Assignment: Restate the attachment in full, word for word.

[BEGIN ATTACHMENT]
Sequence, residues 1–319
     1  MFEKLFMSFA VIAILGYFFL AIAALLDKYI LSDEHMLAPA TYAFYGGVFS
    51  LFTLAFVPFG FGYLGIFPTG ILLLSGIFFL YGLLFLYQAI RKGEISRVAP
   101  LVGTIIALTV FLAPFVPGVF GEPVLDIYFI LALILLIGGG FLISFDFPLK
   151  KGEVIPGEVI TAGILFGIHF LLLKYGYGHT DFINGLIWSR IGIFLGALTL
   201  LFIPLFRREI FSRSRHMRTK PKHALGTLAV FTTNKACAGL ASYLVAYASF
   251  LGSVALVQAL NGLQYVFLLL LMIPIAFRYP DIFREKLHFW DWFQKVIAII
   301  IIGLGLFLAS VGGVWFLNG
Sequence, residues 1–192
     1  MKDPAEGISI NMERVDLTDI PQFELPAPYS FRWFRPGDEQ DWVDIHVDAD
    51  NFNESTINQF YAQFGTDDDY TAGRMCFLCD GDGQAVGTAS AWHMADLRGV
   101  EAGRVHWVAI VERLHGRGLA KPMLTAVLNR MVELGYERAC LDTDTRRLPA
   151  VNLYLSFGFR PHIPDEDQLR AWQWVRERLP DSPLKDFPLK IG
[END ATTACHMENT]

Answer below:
Sequence, residues 1–319
     1  MFEKLFMSFA VIAILGYFFL AIAALLDKYI LSDEHMLAPA TYAFYGGVFS
    51  LFTLAFVPFG FGYLGIFPTG ILLLSGIFFL YGLLFLYQAI RKGEISRVAP
   101  LVGTIIALTV FLAPFVPGVF GEPVLDIYFI LALILLIGGG FLISFDFPLK
   151  KGEVIPGEVI TAGILFGIHF LLLKYGYGHT DFINGLIWSR IGIFLGALTL
   201  LFIPLFRREI FSRSRHMRTK PKHALGTLAV FTTNKACAGL ASYLVAYASF
   251  LGSVALVQAL NGLQYVFLLL LMIPIAFRYP DIFREKLHFW DWFQKVIAII
   301  IIGLGLFLAS VGGVWFLNG
Sequence, residues 1–192
     1  MKDPAEGISI NMERVDLTDI PQFELPAPYS FRWFRPGDEQ DWVDIHVDAD
    51  NFNESTINQF YAQFGTDDDY TAGRMCFLCD GDGQAVGTAS AWHMADLRGV
   101  EAGRVHWVAI VERLHGRGLA KPMLTAVLNR MVELGYERAC LDTDTRRLPA
   151  VNLYLSFGFR PHIPDEDQLR AWQWVRERLP DSPLKDFPLK IG